*OSTIA uses satellite SST data provided by international agencies via the Group for High Resolution SST (GHRSST) Regional/Global Task Sharing (R/GTS) framework to produce SST analysis on a daily basis at the UK Met Office. OSTIA analysis uses satellite data from sensors that include the Advanced Very High Resolution Radiometer (AVHRR), the Spinning Enhanced Visible and Infrared Imager (SEVIRI), the Geostationary Operational Environmental Satellite (GOES) imager, the Infrared Atmospheric Sounding Interferometer (IASI), the Tropical Rainfall Measuring Mission Microwave Imager (TMI) and in-situ data from ships and drifting/moored buoys. This analysis is produced to be used as a lower boundary condition in Numerical Weather Prediction (NWP) models.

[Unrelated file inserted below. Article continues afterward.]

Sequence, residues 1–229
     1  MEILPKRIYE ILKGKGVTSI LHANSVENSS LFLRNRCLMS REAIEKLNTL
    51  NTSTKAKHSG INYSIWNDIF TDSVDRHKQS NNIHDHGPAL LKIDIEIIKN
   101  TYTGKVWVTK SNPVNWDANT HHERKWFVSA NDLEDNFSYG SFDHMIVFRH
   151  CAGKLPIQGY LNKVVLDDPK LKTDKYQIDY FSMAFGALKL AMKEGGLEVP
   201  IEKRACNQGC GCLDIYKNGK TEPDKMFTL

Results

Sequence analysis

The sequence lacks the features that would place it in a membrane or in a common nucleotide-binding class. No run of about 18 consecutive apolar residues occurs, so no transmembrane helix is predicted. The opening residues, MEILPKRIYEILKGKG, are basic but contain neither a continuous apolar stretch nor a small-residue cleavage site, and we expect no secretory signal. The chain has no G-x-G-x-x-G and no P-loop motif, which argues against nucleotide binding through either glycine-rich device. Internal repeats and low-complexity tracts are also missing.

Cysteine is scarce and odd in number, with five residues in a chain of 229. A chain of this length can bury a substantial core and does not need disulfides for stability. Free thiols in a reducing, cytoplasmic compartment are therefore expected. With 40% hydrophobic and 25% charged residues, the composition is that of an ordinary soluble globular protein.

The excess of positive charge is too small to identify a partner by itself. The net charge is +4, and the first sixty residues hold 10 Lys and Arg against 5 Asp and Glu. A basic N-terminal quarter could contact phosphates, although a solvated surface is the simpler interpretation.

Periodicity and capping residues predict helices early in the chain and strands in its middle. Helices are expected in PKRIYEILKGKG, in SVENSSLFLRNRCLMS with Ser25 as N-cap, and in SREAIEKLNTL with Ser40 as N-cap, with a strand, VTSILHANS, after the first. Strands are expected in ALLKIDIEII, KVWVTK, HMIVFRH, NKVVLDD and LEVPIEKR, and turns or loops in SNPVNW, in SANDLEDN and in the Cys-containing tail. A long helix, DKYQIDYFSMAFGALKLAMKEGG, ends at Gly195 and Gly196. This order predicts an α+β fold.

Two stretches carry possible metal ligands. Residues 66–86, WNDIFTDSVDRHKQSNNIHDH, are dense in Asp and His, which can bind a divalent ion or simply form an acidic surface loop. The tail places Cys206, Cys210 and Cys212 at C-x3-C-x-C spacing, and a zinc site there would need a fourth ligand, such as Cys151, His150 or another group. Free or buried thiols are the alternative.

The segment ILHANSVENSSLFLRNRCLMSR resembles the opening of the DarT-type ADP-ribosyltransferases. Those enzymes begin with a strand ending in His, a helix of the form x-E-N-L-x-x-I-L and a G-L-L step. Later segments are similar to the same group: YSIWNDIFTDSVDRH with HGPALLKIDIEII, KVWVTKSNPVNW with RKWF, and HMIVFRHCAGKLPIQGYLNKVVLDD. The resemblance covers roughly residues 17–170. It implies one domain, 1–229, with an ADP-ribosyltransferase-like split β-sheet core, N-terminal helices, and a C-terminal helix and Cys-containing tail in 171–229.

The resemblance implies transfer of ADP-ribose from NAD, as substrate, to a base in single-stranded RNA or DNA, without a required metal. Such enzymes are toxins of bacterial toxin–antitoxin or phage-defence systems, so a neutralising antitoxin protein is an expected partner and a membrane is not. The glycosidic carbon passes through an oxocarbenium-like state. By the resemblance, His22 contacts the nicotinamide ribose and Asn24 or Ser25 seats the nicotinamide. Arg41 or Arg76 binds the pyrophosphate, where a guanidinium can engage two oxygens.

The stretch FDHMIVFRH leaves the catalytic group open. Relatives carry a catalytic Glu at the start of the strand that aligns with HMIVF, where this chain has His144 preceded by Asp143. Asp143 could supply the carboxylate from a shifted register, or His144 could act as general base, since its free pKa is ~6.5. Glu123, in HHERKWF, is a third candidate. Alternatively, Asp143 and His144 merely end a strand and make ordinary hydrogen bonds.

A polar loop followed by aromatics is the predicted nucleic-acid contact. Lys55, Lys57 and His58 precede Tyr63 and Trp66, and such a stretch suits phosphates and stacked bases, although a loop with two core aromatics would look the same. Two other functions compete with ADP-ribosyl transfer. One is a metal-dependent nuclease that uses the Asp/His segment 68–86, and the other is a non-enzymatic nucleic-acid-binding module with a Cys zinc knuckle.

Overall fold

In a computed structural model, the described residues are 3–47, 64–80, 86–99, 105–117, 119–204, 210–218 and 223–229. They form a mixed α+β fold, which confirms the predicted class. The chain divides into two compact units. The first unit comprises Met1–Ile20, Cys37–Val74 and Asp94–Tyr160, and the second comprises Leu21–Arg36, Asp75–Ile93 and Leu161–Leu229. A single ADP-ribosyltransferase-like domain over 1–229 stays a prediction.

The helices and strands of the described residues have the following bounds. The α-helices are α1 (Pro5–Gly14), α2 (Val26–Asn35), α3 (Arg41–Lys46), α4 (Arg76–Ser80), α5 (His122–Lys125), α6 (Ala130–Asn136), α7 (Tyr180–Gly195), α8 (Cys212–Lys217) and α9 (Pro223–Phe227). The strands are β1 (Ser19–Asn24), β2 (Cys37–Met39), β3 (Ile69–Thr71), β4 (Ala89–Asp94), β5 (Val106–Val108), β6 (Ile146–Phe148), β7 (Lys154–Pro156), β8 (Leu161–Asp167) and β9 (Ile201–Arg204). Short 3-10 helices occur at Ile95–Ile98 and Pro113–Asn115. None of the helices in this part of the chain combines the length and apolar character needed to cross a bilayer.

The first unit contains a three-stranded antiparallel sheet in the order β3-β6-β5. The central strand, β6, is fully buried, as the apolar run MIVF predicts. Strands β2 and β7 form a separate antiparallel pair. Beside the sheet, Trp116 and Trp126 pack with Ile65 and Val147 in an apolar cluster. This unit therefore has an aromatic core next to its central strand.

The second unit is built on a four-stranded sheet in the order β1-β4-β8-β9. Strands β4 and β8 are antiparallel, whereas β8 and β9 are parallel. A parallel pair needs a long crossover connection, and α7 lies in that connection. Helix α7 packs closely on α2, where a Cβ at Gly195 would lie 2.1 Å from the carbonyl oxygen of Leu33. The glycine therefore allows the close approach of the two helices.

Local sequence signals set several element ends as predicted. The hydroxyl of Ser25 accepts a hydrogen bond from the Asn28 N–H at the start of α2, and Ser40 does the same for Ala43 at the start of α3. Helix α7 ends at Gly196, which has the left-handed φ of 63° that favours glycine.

The absence of cloudiness in the Gulf of Cadiz, and in many land areas, such as the Iberian Peninsula, can also be seen in the example in Figure 11 with the Night Microphysics (Fog) RGB image, showing the low clouds/fog extending over the western Mediterranean Sea. Warm, thick fog/low cloud, with small droplets are shown in aqua shades, cloud-free sea and land are seen in shades of blue or pink, respectively. High, thin, ice clouds are also depicted as dark blue, while pink colours near the Baleares islands denote the presence of thick low clouds consisting mainly of large droplets.
The synoptic situation greatly contributed to the persistence of the event with stability, a moist boundary layer with strong inversion, light winds (Figure 12) and a relatively cool SST. The synoptic scale conditions are important for fog events. However, a major part of the spatial and temporal variability of fog events depends on mesoscale and microscale processes, which are often very difficult to predict with currently available numerical models.
La fin d'année 2021 est la plus douce jamais mesurée (MeteoFrance, in French)
Boletim Climático Portugal Continental December 2021 (IPMA)
Group for High Resolution Sea Surface Temperature (GHRSST)